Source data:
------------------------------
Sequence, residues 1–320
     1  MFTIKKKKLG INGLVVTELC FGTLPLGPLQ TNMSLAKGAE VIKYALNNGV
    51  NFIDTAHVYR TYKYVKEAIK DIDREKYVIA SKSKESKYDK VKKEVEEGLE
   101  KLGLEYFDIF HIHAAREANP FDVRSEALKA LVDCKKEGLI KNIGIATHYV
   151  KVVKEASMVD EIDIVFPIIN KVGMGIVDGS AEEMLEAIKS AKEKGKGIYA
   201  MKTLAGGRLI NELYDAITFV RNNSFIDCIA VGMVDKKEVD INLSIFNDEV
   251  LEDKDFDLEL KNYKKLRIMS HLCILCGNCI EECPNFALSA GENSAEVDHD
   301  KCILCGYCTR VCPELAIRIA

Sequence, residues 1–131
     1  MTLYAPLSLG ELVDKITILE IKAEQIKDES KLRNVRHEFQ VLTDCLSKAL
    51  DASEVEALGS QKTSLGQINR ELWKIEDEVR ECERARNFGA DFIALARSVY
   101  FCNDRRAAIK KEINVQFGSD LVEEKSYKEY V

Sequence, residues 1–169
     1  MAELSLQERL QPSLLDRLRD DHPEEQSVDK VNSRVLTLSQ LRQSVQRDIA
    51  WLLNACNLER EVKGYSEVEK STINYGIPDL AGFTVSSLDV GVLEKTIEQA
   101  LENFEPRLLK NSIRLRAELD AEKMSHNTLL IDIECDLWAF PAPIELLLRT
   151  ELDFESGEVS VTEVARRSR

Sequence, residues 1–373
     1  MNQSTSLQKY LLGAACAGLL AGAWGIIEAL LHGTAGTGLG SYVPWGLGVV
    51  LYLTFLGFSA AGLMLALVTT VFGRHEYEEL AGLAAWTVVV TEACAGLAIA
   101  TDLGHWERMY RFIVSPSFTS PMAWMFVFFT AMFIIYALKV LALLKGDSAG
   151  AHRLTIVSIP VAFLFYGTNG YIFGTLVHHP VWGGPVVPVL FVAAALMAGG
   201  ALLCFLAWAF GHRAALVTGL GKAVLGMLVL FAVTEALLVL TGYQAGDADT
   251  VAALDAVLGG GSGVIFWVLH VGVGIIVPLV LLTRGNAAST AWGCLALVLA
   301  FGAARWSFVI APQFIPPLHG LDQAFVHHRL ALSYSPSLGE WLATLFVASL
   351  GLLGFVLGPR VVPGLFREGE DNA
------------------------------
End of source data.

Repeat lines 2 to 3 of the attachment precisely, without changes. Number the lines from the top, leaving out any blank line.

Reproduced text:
     1  MFTIKKKKLG INGLVVTELC FGTLPLGPLQ TNMSLAKGAE VIKYALNNGV
    51  NFIDTAHVYR TYKYVKEAIK DIDREKYVIA SKSKESKYDK VKKEVEEGLE